As one of the Los Angeles Rams’ historic “Fearsome Foursome,” Rosey Grier knows defense.
And as a collegiate teammate of Paul Henry “Sam” Green Sr., Grier thinks Green had the fire that makes defensive football players great.
“I think of Sam as being one of the toughest defensive (players) that I’ve seen. And I’ve sene them in the pros,” said Grier. “It was my feeling that Sam would have made it big in the pros.”
Green was a standout linebacker for Pottstown High School in the late 40s and early 50s and went on to play football at Penn State alongside Grier and Lenny Moore.
Earlier this month, Green died at the age of 80 at Lehigh Valley Hospital.
“I just wanted to say thank you to the family for the years of service and the time that we had him,” Grier said last week.
Drafted by the Baltimore Colts, Moore’s eventual team, Green eventually left football to join the Army by 1956. Still, according to a Miami Herald article, he kept in touch with Moore, attending a reunion that year with him.
Grier said he felt Green left football too early but also said it was a different time, implying that that may have factored into the decision.
“There was a lot of racism we went through,” Grier said. “Today it is very much changed.”
A member of the Tri-County Sports Hall of Fame, Green’s impact would be beyond pro football. After the army, he went on to serve as a state constable, a Montgomery County Sheriff’s Deputy and as a member of the Montgomery County Opportunity Board.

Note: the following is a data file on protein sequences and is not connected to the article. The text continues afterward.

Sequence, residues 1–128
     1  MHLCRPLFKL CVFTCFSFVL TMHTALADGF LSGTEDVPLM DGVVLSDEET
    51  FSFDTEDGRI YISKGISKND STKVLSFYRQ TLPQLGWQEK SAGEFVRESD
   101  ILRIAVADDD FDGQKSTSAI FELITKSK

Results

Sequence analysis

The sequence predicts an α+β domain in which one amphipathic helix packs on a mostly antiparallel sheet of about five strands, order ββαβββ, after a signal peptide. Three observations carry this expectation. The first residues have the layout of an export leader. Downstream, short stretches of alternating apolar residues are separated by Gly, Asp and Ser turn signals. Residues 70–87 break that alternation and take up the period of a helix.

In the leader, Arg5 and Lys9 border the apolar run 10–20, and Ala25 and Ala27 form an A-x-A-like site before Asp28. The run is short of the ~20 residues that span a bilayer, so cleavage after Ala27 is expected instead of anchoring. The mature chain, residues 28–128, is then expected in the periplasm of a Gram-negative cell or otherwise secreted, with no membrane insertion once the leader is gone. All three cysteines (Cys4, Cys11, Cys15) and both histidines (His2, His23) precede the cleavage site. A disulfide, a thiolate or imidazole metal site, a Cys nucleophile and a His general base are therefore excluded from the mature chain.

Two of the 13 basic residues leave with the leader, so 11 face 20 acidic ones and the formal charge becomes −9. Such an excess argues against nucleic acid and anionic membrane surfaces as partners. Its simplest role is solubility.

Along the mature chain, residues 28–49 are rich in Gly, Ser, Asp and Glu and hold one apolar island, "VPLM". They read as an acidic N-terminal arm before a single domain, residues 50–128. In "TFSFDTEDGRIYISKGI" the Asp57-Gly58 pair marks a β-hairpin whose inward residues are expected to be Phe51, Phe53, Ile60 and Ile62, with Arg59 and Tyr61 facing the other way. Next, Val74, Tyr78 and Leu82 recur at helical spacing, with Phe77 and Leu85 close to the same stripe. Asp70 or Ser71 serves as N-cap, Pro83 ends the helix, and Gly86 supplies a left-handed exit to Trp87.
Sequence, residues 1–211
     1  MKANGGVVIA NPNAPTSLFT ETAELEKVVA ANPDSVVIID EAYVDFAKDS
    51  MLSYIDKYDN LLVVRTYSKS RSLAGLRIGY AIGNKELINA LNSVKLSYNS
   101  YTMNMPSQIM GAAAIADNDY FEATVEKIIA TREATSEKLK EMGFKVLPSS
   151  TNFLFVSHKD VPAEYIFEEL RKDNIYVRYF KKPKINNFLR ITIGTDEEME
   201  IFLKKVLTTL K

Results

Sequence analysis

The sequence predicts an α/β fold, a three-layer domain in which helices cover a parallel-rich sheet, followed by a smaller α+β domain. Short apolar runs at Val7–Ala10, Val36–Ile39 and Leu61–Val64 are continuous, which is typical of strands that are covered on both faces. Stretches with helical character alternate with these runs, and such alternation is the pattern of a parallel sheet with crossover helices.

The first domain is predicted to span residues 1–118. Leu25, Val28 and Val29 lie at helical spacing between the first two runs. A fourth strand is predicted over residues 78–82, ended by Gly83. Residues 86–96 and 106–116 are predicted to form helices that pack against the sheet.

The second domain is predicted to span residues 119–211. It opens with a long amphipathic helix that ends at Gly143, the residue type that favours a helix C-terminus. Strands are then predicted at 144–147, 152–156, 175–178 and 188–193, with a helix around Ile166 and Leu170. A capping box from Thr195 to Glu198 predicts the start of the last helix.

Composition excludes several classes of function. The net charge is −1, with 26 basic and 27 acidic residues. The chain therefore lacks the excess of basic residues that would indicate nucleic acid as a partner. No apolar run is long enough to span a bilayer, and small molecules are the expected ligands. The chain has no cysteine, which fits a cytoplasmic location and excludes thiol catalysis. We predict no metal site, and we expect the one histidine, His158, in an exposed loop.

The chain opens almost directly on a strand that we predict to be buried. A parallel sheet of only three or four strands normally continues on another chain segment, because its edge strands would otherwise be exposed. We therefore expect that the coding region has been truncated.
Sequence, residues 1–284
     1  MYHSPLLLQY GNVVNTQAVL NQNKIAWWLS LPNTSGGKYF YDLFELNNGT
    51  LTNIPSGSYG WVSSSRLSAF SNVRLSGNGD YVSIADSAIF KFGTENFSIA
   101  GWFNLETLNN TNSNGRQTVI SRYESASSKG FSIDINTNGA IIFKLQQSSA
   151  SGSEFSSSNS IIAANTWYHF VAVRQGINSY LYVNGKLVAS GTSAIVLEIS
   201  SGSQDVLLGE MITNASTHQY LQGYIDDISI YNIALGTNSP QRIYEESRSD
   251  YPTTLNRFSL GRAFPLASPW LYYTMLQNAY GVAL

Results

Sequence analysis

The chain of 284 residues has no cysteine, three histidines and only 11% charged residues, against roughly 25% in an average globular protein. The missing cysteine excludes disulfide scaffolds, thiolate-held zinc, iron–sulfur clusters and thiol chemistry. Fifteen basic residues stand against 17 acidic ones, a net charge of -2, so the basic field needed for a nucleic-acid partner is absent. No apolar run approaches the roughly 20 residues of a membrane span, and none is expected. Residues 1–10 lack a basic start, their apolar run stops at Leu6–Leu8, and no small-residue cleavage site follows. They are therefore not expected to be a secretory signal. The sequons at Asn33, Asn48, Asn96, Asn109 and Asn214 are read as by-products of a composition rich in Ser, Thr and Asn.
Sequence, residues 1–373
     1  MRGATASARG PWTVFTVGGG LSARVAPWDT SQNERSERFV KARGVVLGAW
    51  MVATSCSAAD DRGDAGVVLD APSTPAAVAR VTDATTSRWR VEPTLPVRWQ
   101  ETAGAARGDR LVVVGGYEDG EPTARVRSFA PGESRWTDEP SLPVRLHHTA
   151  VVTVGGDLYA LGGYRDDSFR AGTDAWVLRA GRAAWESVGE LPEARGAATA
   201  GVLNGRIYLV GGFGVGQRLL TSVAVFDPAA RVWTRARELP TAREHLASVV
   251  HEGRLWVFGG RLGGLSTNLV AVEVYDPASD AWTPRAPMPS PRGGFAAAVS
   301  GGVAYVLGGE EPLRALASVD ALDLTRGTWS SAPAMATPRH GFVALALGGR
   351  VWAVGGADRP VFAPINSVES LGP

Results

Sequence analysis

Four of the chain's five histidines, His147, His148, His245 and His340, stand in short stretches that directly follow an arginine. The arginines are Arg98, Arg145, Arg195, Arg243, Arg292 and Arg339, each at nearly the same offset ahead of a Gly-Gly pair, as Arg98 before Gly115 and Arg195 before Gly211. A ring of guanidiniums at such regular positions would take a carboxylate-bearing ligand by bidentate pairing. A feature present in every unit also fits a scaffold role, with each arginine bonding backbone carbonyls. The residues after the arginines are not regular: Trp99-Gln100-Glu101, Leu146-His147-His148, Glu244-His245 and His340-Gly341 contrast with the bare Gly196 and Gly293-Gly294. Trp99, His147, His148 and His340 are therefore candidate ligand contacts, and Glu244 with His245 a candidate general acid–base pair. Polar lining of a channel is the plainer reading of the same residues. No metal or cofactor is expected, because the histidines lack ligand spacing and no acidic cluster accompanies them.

“He went on to become a great officer in your area,” Grier told The Mercury, saying he kept up with Green along with other Penn State teammates through the years.
Green became a father, and is survived by seven sons and one daughter. He was predeceased by three sons.
“My dad...he was special,” said Bobby Watson, one of Green’s sons. “It’s hard to put in words.”
It seemed Green’s influence carried on to his sons, with Mark Gibson serving on borough council and becoming a state constable while Paul Green Jr. became a wrestling stand-out in the 1980s and shares being elected to the Tri-County Sports Hall of Fame with his father.
“It was fun to be around with him,” Watson said. “But you couldn’t cross that line. He was a dad. He kept you in check.”
“A member of Keystone Masonic Lodge No. 113 and Montgomery Lodge No. 1271 of Pottstown, Sam was a leader to make his community a better place,” read his obituary in Feb. 12’s Mercury.
“Life is funny: we don’t last long we just hope we helped affect things for the better while we’re here,” Grier said. “Many of us are very grateful for the time we got to live with (Green). When you have a man like that, it’s a great thing. I appreciated playing with Sam. He was a great guy.”